Chinese New Year

Rating: 4.6

The dragon is in the street dancing beneath windows
pasted with colored squares, past the man
who leans into the phone booth's red pagoda, past
crates of doves and roosters veiled

until dawn. Fireworks complicate the streets
with sulphur as people exchange gold
and silver foil, money to appease ghosts
who linger, needy even in death. I am

almost invisible. Hands could pass through me
effortlessly. This is how it is
to be so alien that my name falls from me, grows
untranslatable as the shop signs,

the odors of ginseng and black fungus that idle
in the stairwell, the corridor where
the doors are blue months ajar. Hands
gesture in the smoke, the partial moon

of a face. For hours the soft numeric
click of mah-jongg tiles drifts
down the hallway where languid Mai trails
her musk of sex and narcotics.

There is no grief in this, only the old year
consuming itself, the door knob blazing
in my hand beneath the lightbulb's electric jewel.
Between voices and fireworks

wind works bricks to dust—hush, hush—
no language I want to learn. I can touch
the sill worn by hands I'll never know
in this room with its low table

where I brew chrysanthemum tea. The sign
for Jade Palace sheds green corollas
on the floor. It's dangerous to stand here
in the chastening glow, darkening

my eyes in the mirror with the gulf of the rest
of my life widening away from me, waiting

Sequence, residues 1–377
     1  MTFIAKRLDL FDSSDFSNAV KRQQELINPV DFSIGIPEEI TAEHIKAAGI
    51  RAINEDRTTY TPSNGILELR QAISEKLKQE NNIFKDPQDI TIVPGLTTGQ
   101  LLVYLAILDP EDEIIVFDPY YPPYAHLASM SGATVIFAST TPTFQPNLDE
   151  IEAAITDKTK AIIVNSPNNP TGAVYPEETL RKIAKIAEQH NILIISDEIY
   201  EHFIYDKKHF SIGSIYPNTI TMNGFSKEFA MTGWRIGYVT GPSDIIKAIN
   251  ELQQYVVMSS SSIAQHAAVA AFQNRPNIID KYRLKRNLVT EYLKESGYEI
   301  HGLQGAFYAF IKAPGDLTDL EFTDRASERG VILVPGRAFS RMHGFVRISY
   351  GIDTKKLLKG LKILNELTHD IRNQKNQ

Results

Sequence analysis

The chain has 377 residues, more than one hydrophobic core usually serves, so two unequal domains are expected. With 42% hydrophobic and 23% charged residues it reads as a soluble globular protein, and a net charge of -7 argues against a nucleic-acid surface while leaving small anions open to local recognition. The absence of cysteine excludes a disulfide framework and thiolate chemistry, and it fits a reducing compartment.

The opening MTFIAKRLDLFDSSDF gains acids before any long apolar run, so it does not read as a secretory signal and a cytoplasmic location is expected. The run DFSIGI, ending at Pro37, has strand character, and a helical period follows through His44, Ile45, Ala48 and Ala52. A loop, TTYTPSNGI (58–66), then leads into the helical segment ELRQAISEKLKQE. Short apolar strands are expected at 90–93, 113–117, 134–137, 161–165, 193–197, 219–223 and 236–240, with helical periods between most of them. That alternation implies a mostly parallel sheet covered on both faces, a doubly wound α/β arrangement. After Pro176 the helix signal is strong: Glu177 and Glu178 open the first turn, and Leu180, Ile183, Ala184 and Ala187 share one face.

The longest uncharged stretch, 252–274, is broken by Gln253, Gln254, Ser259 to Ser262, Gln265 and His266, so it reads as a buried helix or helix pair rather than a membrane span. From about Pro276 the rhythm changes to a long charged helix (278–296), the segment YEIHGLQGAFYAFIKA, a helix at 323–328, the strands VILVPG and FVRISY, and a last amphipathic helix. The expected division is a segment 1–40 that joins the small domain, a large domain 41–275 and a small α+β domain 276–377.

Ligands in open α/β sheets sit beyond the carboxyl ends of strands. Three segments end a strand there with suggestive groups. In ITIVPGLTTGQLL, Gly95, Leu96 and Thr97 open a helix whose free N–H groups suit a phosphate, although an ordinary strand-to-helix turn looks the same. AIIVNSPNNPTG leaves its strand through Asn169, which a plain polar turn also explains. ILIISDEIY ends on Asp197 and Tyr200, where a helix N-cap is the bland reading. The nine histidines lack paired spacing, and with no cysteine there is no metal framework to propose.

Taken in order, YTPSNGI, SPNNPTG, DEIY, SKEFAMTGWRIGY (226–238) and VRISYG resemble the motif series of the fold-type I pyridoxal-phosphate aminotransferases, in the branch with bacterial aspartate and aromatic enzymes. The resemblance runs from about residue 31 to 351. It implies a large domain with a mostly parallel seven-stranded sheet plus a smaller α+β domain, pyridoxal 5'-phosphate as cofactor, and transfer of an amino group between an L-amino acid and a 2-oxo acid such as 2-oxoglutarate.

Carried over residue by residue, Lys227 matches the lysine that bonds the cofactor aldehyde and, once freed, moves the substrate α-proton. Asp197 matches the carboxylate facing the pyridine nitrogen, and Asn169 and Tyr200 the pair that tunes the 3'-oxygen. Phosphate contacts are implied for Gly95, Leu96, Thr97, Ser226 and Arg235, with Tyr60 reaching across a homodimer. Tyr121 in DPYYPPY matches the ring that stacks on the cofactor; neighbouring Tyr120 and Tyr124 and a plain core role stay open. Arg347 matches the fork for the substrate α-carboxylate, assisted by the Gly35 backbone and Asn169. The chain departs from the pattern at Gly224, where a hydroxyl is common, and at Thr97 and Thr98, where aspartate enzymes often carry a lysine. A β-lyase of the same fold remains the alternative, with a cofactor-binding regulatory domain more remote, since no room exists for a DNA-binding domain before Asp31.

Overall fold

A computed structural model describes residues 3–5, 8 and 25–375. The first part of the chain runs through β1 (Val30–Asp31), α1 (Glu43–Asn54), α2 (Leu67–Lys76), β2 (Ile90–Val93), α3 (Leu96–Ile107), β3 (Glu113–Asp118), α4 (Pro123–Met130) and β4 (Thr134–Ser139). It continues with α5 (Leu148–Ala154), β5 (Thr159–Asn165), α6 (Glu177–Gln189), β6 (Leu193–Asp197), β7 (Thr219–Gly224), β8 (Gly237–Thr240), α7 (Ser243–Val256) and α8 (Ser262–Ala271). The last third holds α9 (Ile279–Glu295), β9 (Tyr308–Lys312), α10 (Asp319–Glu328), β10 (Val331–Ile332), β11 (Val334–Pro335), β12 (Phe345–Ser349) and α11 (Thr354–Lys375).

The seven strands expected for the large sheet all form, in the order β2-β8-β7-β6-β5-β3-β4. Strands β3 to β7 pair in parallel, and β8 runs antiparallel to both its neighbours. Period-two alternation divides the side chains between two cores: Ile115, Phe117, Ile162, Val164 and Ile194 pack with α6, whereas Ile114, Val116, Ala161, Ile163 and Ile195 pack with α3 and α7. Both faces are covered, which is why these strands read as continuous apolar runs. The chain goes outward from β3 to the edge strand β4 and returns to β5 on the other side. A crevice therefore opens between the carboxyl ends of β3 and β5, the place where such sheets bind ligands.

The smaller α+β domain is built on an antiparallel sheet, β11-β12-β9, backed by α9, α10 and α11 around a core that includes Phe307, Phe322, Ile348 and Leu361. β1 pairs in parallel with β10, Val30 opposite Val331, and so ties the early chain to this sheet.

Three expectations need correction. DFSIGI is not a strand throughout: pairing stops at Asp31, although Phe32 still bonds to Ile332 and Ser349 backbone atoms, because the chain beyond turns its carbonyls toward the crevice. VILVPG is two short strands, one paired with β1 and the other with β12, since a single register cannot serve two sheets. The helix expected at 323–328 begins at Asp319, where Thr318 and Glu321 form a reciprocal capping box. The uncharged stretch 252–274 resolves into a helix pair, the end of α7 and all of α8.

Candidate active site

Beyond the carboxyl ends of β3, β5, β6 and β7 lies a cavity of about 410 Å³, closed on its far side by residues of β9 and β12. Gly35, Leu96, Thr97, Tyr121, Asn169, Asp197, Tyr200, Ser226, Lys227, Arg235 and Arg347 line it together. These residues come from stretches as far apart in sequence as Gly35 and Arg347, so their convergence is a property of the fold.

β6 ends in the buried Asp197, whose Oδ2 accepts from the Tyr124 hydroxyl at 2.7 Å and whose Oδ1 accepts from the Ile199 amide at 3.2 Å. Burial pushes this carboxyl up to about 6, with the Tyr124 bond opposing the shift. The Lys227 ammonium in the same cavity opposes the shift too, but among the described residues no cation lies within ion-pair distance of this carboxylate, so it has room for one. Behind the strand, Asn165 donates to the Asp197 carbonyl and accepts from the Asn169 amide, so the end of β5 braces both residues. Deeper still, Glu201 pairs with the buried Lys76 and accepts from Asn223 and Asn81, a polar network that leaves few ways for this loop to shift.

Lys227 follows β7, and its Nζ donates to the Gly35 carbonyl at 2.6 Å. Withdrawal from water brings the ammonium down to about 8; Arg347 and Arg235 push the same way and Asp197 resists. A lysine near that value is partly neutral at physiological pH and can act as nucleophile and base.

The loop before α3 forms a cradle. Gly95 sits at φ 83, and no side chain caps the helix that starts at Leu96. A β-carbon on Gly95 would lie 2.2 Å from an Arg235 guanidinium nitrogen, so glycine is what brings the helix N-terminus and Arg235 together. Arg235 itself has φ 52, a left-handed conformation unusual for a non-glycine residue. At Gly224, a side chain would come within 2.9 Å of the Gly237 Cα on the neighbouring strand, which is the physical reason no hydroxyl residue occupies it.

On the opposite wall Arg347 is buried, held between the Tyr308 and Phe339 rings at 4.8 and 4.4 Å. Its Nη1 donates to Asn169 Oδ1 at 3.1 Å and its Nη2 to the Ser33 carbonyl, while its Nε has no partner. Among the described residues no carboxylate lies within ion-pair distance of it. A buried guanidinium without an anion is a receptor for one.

for the man I married to pass beneath
the sign of the building, to climb

the five flights and say his Chinese name for me.
He'll rise up out of the puzzling streets
where men pass bottles of rice liquor, where
the new year is liquor, the black bottle

the whole district is waiting for, like
some benevolent arrest—the moment
when men and women turn to each other and dissolve
each bad bet, every sly mischance,

the dalliance of hands. They turn in lamplight
the way I turn now. Wai Min is in the doorway.
He brings fish. He brings lotus root.
He brings me ghost money.

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COMMENTS OF THE POEM
Susan Williams 03 January 2016

The artistry in this is superlative. The impactful way she combines words to describe things in new and novel ways has me in awe of her talent. And this poem puts me there in that celebration in ways both physical and emotional. For example: the dalliance of hands, It's dangerous to stand here in the chastening glow, darkening

25 0 Reply
Kim Barney 03 January 2016

Wai Min is in the doorway. He brings fish. He brings lotus root. He brings me ghost money. Does anyone know what she meant by 'ghost money'?

0 0 Reply
Manonton Dalan 03 January 2016

I like Chinese new year....lots of food

1 1 Reply
Ratnakar Mandlik 03 January 2016

Beautiful narration of the Chinese's New Year celebrations. Quite entertaining. Thanks for sharing.10 points.

1 0 Reply